Images of:cupric sulphate (A), turquoise precipitate (B), blue ammoniacal complex (C) and metallic copper precipitate (D). Own source.
With the addition of ammonia the solution takes on a gelatinous appearance due to the formation of a turquoise precipitate according to the following reaction:
However, by continuing to add ammonia solution, this precipitate dissolves forming tetraamine complex, Cu(NH3)42+, according to the following reaction,
This series of reactions introduces the formation of stronger field ammonia (NH3) ligands in the solution, whose distortion absorbs the yellow spectrum, giving rise to a more intense blue color solution.
By adding ascorbic acid to the solution, it acts as a reducing agent, yielding the necessary electrons to lead to the reduction of copper ions to metallic copper, which appears as a fine orange powder in the medium, when left to rest we can better notice its characteristic reddish color.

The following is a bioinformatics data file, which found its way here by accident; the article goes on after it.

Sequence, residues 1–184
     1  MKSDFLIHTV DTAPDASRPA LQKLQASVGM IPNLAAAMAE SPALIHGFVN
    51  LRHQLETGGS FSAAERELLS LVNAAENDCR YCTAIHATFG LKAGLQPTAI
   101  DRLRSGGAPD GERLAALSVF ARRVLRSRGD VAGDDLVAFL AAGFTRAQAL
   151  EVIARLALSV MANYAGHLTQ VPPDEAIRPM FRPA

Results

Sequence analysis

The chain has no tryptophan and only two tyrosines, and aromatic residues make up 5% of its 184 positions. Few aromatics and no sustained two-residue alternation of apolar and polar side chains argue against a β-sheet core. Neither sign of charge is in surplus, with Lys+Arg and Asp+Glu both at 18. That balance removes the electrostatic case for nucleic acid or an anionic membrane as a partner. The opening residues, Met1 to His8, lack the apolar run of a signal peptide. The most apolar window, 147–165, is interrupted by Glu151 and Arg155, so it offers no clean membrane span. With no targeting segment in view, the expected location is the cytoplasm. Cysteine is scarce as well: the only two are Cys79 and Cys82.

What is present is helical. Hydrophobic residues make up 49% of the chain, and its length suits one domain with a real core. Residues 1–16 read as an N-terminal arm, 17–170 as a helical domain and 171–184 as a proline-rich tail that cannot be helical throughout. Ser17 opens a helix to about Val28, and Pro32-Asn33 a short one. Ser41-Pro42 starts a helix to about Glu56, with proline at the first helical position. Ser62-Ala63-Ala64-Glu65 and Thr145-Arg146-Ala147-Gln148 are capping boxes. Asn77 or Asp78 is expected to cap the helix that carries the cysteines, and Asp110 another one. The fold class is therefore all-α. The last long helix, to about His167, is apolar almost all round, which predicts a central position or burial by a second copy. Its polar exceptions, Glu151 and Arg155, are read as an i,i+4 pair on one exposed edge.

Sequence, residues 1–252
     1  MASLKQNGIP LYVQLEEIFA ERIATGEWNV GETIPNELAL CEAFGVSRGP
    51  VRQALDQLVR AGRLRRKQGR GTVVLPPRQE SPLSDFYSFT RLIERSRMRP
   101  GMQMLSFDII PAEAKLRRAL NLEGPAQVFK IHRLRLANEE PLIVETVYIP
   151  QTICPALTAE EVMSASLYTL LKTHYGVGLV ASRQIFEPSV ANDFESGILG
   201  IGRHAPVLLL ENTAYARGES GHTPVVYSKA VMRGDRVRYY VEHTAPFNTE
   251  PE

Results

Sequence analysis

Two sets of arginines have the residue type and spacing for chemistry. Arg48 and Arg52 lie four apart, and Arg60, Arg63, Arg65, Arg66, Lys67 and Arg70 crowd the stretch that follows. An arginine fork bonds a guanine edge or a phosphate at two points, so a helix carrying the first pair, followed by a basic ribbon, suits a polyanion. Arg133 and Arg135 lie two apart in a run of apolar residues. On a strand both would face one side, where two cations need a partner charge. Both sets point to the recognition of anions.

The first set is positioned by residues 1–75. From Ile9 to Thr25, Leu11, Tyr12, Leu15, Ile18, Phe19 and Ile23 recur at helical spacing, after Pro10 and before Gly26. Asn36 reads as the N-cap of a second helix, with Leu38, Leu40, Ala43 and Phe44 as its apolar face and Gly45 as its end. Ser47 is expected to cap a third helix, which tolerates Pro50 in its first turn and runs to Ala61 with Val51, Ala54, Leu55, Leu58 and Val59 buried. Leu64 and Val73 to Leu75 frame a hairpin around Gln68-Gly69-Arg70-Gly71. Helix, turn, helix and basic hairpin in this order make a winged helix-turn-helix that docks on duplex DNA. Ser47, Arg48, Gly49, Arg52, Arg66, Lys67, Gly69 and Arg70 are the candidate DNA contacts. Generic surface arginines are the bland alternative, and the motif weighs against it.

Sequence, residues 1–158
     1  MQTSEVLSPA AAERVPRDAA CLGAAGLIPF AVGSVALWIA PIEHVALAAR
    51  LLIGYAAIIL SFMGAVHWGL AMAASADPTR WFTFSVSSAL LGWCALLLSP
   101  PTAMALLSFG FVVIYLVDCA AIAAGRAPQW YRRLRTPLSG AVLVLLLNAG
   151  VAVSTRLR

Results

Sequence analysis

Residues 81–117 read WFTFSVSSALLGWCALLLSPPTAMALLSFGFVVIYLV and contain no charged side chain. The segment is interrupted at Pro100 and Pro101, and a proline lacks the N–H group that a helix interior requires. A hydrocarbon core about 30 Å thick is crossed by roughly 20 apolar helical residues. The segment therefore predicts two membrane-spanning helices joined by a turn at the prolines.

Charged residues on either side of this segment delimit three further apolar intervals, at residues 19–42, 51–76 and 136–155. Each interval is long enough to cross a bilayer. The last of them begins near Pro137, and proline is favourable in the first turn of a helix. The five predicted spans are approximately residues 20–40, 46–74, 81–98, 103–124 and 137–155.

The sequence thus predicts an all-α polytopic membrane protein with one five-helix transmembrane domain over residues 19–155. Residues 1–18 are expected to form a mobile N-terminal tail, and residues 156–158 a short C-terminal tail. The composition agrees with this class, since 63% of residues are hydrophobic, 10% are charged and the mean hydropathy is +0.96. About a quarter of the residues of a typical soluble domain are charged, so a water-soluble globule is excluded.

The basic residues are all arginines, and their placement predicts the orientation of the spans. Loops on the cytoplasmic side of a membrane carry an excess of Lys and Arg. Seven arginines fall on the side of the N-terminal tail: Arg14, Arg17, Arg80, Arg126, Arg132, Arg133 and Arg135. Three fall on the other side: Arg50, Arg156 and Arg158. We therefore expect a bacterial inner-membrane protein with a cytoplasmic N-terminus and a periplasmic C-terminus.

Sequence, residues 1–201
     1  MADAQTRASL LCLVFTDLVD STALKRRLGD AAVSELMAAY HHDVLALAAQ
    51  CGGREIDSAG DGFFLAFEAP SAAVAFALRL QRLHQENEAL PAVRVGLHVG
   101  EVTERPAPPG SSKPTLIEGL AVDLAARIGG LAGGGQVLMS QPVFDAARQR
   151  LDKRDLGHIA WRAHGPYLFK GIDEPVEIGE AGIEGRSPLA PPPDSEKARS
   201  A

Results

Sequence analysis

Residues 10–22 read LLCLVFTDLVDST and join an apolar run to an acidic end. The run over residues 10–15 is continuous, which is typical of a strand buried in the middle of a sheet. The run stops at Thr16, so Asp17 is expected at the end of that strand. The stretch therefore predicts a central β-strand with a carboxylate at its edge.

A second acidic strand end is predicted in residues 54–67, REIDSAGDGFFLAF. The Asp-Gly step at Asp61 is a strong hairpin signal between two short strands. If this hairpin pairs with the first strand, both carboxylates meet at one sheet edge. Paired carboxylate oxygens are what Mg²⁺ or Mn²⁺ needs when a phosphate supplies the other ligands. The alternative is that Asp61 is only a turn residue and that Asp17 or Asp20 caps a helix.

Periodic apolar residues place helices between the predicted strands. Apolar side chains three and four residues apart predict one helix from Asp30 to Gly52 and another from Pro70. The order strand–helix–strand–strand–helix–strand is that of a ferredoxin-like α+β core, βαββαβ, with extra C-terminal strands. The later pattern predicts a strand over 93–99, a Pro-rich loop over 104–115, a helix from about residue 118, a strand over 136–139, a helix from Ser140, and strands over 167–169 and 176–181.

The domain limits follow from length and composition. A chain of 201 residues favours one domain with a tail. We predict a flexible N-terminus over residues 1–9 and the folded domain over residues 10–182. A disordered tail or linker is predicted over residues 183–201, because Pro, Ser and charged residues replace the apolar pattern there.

Obtaining copper hydroxide and copper oxide
Cupric sulfate can also generate even more intense color precipitates. If for example we have 2 mL of the cupric sulfate solution in the test tube and progressively add sodium hydroxide, we will notice the formation of a gelatinous blue precipitate, and by continuing to add sodium hydroxide, it becomes an even more intense blue. . If we then proceed to heat this mixture, we will notice that the precipitate dissolves and acquires a darker tone until it forms a black precipitate.
Image of the precipitates of: copper hydroxide (A) and copper oxide (B). Own source.
When we add sodium hydroxide to the cupric sulfate solution, a blue precipitate and a gelatinous appearance of copper hydroxide are first produced, as described in the following reaction:
By continuing to add sodium hydroxide the precipitate acquires a more intense tone, this is due to the fact that in strongly basic solutions the formation of the cuprate ion (CuO22-), of a darker blue tone is promoted and, with heating, it dissolves the precipitate of copper hydroxide and a precipitate of copper oxide (CuO) in which is a black color obtained. These compounds have a tetrahedral and square planar structure that imply a less absorption of energy, giving complexes of dark colors (indigo and black).
Wikipedia.com. Copper (II) sulfate.
Heredia, S. (2006). Experiments with copper sulfate. Eureka Magazine, pp. 467-484.
Heurema group. Copper complexes.